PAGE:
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The Natural History Legacy of
Alexander von Humboldt (1769 to 1859)

Alexander von Humboldt PrintAlexander von Humboldt’s legacy has endured to the present day, and influences many of the objectives of the Institute. Humboldt first became known through his daring and pioneering five-year research expedition in Central and South America and the Caribbean, from 1799 to 1804. By the time he started his expedition, Humboldt was exceptionally well-versed in most of the scientific disciplines of his day. He took with him the latest in scientific instrumentation. Enduring incredible hardships, he never diverted from his goal of observing and studying nature, tirelessly collecting botanical, zoological, geological, and meteorological specimens and data, and recording his observations and reflections in great detail. The dedication and enthusiasm that shine through the personal narrative of his journey have been a source of inspiration for generations of naturalists and scientists, among them Charles Darwin. When Darwin set out on his historic voyage on the Beagle thirty-seven years later, he traveled with a translation on board of Humboldt’s “Personal Narrative,” from which he memorized entire passages by heart.

Humboldt’s expedition was the first extended journey to the Americas undertaken for scientific research purposes. To this day, Humboldt is respected throughout Central and South America as the “scientific discoverer of the New World.” Evaluating and expanding upon the immense scientific and scholarly harvest from his expedition became Humboldt’s preoccupation for his remaining life. Through his writings, lectures, letters, and conversations, he greatly influenced the scholars and scientists of his time. As a creative thinker, who was given to a comparative and interdisciplinary approach to science, he contributed to the early development of many different fields of science. Many disciplines were significantly inspired by Humboldt’s work. For example, based on observations during his expedition, Humboldt was the first to formally propose the fundamental principles underlying the distribution of plant species. He is therefore recognized as the founder of the science of biogeography. Through the universality of his outlook, Humboldt anticipated the modern study of ecosystems. For him, detailed research was not an end in itself. In his Ansichten der Natur, Humboldt wrote ... “the aims I strive for are an understanding of nature as a whole, proof of the working together of all the forces of nature.” Humboldt made important contributions to the early development of the marine sciences, especially to the concept of ocean currents and their impact on climate. His theory of vertical movement of water in the oceans dominated science for over half a century. His description of the Gulf Stream and Peru Current were a driving force for scientific research, and are considered masterpieces of oceanographic literature.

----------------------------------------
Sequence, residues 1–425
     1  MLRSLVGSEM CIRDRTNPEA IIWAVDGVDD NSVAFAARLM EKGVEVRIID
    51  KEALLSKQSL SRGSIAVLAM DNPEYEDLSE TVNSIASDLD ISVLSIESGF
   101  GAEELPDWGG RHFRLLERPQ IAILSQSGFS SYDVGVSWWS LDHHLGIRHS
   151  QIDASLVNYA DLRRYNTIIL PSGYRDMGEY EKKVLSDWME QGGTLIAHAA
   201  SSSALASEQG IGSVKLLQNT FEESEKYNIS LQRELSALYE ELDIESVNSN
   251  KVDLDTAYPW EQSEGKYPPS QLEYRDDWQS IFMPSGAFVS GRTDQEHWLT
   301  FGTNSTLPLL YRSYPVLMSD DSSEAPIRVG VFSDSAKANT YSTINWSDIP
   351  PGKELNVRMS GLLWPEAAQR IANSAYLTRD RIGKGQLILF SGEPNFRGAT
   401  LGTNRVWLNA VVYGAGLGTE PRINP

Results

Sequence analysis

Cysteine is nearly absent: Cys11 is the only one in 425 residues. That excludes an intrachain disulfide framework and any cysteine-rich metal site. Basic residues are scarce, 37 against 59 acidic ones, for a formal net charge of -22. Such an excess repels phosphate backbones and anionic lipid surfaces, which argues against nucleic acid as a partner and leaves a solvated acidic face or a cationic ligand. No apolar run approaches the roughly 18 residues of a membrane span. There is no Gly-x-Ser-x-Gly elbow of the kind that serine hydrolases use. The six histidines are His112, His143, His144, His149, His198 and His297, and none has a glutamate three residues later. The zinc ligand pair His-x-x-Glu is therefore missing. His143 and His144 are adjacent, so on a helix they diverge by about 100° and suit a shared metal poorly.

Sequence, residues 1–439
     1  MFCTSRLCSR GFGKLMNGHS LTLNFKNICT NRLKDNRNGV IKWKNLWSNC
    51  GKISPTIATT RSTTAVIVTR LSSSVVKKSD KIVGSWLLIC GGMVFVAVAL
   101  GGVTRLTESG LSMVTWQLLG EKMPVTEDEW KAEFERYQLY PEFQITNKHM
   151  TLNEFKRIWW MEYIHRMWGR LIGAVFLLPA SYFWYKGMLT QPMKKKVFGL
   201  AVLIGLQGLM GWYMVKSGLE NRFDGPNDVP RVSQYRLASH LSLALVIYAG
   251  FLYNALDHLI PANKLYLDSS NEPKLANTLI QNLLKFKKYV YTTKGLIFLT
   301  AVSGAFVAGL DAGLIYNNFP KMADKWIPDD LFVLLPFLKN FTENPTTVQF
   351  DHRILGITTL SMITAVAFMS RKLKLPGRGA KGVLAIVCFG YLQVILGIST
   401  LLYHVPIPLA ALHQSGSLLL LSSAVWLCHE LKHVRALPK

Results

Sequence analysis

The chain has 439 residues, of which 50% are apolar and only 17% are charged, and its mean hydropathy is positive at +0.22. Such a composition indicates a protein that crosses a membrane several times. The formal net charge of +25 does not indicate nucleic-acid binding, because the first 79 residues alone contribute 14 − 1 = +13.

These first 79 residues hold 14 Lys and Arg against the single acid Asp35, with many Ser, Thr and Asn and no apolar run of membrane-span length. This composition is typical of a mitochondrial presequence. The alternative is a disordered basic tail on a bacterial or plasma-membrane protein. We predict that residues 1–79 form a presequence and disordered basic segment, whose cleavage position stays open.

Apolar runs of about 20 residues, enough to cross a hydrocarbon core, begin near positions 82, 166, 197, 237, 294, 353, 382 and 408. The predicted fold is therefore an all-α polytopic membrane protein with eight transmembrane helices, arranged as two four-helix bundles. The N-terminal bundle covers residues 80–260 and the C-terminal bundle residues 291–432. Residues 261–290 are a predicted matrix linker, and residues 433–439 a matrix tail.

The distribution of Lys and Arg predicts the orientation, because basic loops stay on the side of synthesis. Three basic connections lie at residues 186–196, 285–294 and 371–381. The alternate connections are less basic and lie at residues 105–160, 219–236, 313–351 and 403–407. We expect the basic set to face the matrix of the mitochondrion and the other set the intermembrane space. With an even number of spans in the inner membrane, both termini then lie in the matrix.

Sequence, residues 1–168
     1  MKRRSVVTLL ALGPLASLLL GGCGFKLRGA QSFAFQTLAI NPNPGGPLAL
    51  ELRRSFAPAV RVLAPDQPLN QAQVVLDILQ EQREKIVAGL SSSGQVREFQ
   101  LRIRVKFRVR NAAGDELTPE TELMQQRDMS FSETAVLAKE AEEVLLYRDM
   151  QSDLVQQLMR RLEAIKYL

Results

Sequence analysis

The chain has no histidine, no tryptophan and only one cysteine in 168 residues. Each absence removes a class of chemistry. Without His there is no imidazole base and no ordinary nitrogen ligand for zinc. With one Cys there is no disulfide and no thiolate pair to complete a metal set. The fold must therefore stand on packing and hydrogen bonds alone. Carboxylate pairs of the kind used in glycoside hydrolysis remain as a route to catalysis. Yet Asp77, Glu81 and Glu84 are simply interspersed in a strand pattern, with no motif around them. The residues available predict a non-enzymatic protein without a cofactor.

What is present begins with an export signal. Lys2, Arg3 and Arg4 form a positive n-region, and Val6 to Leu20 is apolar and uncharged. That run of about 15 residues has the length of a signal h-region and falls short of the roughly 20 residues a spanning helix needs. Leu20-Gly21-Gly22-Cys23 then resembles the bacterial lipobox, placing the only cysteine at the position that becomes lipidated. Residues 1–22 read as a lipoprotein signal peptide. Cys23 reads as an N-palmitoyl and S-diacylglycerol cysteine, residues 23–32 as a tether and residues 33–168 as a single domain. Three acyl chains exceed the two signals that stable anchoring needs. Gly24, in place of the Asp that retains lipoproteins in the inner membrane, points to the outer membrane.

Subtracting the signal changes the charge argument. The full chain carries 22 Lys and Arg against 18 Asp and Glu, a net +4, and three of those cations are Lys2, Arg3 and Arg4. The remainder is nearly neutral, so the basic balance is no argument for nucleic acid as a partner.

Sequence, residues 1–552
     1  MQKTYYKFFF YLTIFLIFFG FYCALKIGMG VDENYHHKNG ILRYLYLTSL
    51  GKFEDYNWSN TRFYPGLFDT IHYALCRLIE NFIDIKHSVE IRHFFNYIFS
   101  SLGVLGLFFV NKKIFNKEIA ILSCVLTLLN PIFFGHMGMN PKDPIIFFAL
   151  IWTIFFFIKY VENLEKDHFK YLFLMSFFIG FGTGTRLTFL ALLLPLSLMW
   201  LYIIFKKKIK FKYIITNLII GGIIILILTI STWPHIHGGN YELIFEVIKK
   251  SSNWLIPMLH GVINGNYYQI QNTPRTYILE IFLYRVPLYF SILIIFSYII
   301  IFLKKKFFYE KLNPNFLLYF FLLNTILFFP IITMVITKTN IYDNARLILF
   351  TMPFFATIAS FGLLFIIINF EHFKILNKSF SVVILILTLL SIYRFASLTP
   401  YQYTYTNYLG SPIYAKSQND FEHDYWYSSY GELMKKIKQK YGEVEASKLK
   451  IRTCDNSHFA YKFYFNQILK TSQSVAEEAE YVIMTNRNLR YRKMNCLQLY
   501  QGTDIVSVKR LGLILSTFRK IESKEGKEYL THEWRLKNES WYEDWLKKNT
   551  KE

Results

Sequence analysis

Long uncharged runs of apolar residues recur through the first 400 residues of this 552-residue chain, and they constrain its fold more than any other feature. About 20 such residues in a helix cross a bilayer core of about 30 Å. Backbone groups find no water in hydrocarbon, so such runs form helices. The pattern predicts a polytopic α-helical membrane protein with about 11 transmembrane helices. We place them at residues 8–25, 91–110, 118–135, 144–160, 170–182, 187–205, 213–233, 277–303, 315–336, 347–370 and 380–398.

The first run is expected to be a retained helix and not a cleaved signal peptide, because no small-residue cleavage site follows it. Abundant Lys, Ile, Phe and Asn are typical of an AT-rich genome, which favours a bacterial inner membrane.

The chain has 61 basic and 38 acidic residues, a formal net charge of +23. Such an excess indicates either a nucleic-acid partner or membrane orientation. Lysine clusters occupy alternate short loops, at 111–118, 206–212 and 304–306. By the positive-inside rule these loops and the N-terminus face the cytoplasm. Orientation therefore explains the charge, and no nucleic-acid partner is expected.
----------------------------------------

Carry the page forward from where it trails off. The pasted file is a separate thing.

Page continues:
On the return voyage from his five-year expedition, Humboldt visited Philadelphia and Washington, DC, and became deeply interested in the United States. He met and became a life-long friend and correspondent of Thomas Jefferson. Humboldt’s maps and scientific methods were of strategic value during the exploration of the American West. No less than twenty towns, two lakes, one bay, one river, five mountains, and one university in the West were given Humboldt’s name.

The admiration which Humboldt earned and enjoyed throughout his life was due also to his encouragement of young scientists, as well as to his warm and engaging personality. Steeped in the European classical movement of his time, he embraced its humanitarian values. Throughout his life, Humboldt asserted the dignity and worth of all peoples and spoke out against slavery and colonialism. He is recognized as having played a key role in the liberation of the Spanish colonies in the New World.

The Institute is dedicated to building upon the philosophical and intellectual legacy of Alexander von Humboldt. It brings renewed attention to Humboldt's many contributions as a naturalist and scientist, and particularly to his philosophy about the study of nature. It is always timely to reflect upon how elegantly Alexander von Humboldt encouraged people to avoid the limitation of a mostly empirical and practical view of nature, and how his writings still inspire us to see our environment as an organic whole ... a living cosmos.

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